New Jersey Ag News
London Produce Show a sister act for New York event
By ROBYN MIRANDA
Special to The New Jersey Farmer
LONDON (July 15, 2015) —The London Produce Show and Conference met for the 2nd annual exhibition and tradeshow in London on June 3-5.
With more than 120 exhibitors from 45 countries, the trade exhibition was a great opportunity for networking.
Additional activities at the conference included a cocktail reception sponsored by Stubbins Food Partnerships, chef demonstrations, informational seminars and workshops, guided tours and a student mentoring program.
The sister show, “The New York Produce Show and Conference,” will hold its sixth annual tradeshow Dec. 1-3 in New York City.
There were several College students in attendance from the University of New Castle, Kent University, Harper Adams University, Reading University, Cornell University and four students from Rutgers University were also in attendance. Sponsored by the London Produce Show, the four Rutgers School of Biological and Environmental Sciences students included Robyn Miranda and Robert Pyne, graduate students studying Food Science and Plant Biology, respectively, as well as recent graduates Elaine Erlenbach and Michael Lamantia, studying Agriculture and Food systems and Food and Business Economics, respectively. The student mentoring program included an informative lineup of speakers.
Topics covered included the expansion of the food industry via social media; food marketing techniques and the diverse career opportunities available within the fresh produce industry.
“The student-mentoring program encouraged professional development and helped break the barrier between students and leaders in the agribusiness industry,” Robert Pyne of Rutgers University noted. Industry representatives served as hosts and guided the students thorough the tradeshow floor to facilitate their networking opportunities.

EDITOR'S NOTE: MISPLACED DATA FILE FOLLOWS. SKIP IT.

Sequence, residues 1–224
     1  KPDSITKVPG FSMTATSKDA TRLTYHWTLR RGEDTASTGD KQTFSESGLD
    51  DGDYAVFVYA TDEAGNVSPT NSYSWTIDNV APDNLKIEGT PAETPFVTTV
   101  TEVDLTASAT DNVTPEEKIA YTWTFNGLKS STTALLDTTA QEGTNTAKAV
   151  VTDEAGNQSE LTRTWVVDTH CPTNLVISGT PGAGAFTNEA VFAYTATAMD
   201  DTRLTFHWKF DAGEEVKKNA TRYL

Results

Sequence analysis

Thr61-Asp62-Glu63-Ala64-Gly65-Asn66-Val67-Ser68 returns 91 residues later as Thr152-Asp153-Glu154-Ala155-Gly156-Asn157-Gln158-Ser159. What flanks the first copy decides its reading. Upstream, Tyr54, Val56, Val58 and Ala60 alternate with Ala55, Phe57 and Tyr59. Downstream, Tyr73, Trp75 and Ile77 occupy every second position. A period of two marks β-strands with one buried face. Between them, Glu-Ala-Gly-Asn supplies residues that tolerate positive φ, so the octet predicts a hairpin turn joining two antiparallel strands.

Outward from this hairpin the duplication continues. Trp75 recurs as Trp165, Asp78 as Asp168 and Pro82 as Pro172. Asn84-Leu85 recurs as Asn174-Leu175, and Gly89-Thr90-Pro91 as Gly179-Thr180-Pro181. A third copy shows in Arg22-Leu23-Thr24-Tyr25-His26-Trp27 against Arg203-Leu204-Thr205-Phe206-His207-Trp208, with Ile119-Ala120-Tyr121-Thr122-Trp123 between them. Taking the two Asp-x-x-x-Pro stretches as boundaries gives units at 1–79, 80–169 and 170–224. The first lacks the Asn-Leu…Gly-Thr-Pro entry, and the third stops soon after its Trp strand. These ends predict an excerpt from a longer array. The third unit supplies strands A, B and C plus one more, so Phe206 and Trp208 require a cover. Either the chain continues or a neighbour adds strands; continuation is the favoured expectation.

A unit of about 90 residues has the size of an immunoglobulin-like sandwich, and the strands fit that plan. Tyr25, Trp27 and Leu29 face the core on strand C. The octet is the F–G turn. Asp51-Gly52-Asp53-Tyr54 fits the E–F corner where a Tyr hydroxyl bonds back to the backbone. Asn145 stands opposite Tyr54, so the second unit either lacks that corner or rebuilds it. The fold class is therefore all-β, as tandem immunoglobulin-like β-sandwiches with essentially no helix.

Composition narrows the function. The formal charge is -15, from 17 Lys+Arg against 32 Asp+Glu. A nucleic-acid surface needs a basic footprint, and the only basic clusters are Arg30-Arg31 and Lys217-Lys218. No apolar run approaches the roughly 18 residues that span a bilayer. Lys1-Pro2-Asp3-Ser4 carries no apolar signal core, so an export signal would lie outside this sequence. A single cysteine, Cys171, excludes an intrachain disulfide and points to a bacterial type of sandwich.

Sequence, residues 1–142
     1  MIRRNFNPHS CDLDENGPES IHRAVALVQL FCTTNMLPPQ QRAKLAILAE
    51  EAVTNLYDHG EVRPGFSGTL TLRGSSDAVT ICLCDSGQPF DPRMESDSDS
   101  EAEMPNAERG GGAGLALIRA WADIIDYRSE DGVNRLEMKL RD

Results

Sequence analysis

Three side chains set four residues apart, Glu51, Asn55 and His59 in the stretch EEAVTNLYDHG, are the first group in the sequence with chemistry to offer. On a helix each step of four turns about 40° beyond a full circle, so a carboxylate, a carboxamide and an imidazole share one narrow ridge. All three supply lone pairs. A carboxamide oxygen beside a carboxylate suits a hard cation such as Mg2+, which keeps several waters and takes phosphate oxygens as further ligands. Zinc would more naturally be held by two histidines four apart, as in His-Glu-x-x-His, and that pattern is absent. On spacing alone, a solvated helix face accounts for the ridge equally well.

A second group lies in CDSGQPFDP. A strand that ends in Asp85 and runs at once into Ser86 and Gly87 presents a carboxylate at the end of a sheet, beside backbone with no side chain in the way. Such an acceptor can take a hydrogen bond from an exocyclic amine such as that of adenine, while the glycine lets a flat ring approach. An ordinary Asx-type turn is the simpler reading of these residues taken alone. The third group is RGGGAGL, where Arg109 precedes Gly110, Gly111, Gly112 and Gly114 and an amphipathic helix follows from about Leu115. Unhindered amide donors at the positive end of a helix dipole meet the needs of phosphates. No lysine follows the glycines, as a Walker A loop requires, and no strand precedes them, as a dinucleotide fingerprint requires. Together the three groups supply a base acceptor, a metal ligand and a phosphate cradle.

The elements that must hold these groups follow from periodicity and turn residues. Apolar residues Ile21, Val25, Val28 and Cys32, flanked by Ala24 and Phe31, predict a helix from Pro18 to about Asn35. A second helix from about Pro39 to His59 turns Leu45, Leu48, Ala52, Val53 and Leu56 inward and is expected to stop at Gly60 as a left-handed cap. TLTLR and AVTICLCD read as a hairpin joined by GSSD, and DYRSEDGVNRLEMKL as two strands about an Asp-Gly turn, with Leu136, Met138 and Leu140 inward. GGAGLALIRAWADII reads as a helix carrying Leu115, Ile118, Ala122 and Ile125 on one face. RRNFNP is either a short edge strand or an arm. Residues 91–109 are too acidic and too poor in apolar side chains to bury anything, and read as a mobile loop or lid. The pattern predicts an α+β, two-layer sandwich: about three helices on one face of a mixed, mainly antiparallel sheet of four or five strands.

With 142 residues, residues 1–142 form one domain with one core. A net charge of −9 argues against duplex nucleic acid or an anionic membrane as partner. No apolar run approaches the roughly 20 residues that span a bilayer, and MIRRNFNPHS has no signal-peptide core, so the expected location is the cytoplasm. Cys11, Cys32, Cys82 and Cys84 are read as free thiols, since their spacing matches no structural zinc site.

Several industry tours were offered on the third day of the London Produce Show ranging from wholesale market tours to production/agriculture visits, as well as retail and foodservice tours.
Rutgers University students participated in the educational retail tour to grocery stores in Central London which included stops as Tesco, Waitrose, Sainsbury’s, Marks and Spencer and Asda. Lead by Claire Powell, LPS Seminar and Retail Tour Coordinator, students observed the noticeable difference in produce marketing approaches across various types of retail stores visited.
The store department manager and host of the tour at Waitrose, Anselm Colom, explained that fresh produce most commonly sold is individually packaged in London. The reason, Colom explained, was because most of their customers shop for convenience and buy food needed just for a few days. By comparison Rutgers student Elaine Erlenbach noted, “The supermarkets appear to be constantly busy whereas in the United States, it’s crowded at peak hours of the day.”
This could suggest a reason why the United Kingdom has a significantly reduced amount of food waste when compared to the United States.
As of 2012, the U.S. food waste is 28 times larger than in the U.K., yet the population in the United States is only five times greater.
Generally consumers in the UK buy food needed for one or two day consumption, once consumed, they return to shop for more.
Whereas in the United States, it is common to see consumers purchase in bulk quantities due to the availability of superstores, which are less common in London.
Individually packed produce also helps to improve traceability of the product if an outbreak or recall were to occur. An additional benefit to having produce individually packaged is a decrease in the risk of foodborne disease.
The Center for Disease Control and Prevention estimates that foodborne diseases strikes one in six Americans resulting in 3,000 deaths annually.
Jim Prevor and his company, Phoenix Media Network, Inc., sponsored the opportunity for students to attend the London Produce Show and Conference.
(Editor’s note: Robyn Miranda is a student at Rutgers University.)